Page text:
“Enemy-occupied territory – that is what this world is. Christianity is the story of how the rightful king has landed, you might say landed in disguise, and is calling us all to take part in a great campaign of sabotage.” – C.S. Lewis, Mere Christianity
Signs of a great battle are visible to those who have eyes to see it in War, West Virginia. Once a prosperous community, this “Southernmost town in West Virginia” has fallen upon hard times in recent decades due to the decline of the coal industry. Today, the marks of poverty are omnipresent. Streets are dotted with rotted houses caving in due to years of neglect. The local junior high school, which closed its doors years ago but was never torn down, looks like Berlin in 1945, its floors littered with broken glass and scattered with National Geographic magazines from the 1980’s. In the gym across the street, black marks trace the history of a fire at the center of the old basketball court.
For lack of vision, Solomon wrote, the people perish (Pro. 29:18). “Pills and prostitutes” runs the gamut of things to do in War, according to Charlie Brown, the first person whom I and four friends from my church in Asheville, North Carolina, met on a recent weekend trip there. Like most people in McDowell County, Charlie receives government assistance. Like many others, what he makes reselling prescription drugs dwarfs the check he receives every month from Uncle Sam.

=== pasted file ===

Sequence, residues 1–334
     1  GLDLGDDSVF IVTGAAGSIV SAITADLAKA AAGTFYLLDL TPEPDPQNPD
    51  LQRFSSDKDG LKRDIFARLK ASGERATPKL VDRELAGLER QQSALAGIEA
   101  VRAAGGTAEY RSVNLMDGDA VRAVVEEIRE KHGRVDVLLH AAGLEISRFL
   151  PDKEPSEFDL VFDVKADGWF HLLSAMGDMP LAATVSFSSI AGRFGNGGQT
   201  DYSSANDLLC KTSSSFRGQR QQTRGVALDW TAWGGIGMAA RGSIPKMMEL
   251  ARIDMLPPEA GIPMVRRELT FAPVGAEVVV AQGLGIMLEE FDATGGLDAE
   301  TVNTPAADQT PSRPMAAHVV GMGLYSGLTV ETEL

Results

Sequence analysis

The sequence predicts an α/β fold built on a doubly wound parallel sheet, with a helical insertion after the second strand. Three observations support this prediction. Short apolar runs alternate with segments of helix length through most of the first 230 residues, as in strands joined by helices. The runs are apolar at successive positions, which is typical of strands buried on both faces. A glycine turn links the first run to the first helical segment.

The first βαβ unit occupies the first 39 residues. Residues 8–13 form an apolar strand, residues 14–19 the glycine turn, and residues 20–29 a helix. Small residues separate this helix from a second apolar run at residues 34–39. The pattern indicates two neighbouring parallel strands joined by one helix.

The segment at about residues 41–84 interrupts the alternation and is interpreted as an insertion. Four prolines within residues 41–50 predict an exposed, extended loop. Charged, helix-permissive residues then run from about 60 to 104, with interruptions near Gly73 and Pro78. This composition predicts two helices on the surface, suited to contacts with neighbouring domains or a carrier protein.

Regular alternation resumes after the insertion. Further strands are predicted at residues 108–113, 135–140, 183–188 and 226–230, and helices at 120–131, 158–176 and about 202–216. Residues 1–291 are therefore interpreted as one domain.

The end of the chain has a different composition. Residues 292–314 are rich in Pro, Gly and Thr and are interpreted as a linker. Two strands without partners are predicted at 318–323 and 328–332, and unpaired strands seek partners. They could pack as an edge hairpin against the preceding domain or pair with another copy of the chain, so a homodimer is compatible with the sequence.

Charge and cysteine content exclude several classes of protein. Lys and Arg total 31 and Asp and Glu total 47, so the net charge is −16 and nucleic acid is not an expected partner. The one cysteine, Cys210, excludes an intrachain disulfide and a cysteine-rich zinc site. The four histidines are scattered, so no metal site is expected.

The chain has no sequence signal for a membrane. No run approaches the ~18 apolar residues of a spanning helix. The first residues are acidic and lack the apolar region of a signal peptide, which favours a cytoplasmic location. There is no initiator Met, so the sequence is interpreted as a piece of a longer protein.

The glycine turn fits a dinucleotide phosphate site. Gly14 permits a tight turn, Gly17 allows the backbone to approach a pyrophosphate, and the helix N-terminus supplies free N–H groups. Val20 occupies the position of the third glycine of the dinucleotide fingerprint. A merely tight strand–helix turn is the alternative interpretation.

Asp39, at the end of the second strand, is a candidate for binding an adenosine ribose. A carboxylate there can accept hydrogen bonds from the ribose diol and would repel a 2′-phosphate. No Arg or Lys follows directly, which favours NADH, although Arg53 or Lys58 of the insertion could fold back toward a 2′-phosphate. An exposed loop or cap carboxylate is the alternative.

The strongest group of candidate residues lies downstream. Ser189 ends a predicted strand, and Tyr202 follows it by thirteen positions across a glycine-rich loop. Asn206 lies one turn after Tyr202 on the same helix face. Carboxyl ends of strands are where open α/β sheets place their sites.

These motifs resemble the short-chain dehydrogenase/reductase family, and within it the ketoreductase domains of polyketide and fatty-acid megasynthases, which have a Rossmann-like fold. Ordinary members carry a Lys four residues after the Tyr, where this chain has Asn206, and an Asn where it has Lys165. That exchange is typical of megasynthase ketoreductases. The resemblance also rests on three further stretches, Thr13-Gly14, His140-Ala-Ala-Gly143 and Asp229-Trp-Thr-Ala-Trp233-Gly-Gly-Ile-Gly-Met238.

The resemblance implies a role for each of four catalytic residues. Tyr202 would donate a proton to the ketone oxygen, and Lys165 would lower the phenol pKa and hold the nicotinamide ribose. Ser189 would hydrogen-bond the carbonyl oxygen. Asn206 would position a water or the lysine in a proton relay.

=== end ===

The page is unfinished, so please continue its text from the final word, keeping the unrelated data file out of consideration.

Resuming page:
“Why would I work a job for minimum wage,” he asks, “when I can make more than a living selling people something they’re going to get anyway?” he asks rhetorically. The rhetoric masks the fact that he is not only a dealer, but a user as well. His profits fuel his habit, which is slowly destroying his body, claiming one of his kidneys a few months ago.
Only in his twenties, Charlie has already served a four-month prison sentence. He is now facing an indictment for larceny and the prospect of a second term, a prospect that he says doesn’t frighten him at all, although his voice does grow a little softer at the thought of leaving his wife, Jeannette, behind.
“I’ll never find anyone else who loves me like she does,” he says wistfully.
At a local diner, a conversation with Father Xavier Cooney, a Catholic priest who has served the area for 34 years, provides us with a little context for the run-down town we see. War was once a boomtown, he tells us, with trucks backed up all the way down Main Street running coal out of the mountains to the flatlands. No more. The coal industry has been in decline for decades and the town of War has declined with it, losing two-thirds of its population. Today, 80% of the people in McDowell County are living on government assistance. Once-prosperous towns are riddled with abandoned buildings and many of them are dominated by drug dealers dealing quick fixes to hopeless people. Pointing to the newspaper, he explains the morning headline, which tells of the sheriff in neighboring Mingo County being shot point-blank by a major drug dealer just a few days earlier for vowing to get tough on crime. In the war between God and the devil, the devil seems in many ways to be winning in West Virginia.
There are exceptions, though. In a public park, we strike up a conversation with a young man named Mike, who turns out to be a worship leader at Living Water, a local charismatic church. Like countless others of his generation, he has flirted seriously with the idea of leaving the area for greener pastures. He has decided to stay put, however, out of a sense of rootedness. He loves the people among whom he grew up, and he longs to see the day when things take a turn for the better. Speaking thoughtfully in a Southern drawl, Mike tells us of a prophecy he once heard given in his church. Someone had had a vision of a heart in the shape of West Virginia, filling up from the bottom with blood. Mike sees it as an indication of future spiritual renewal.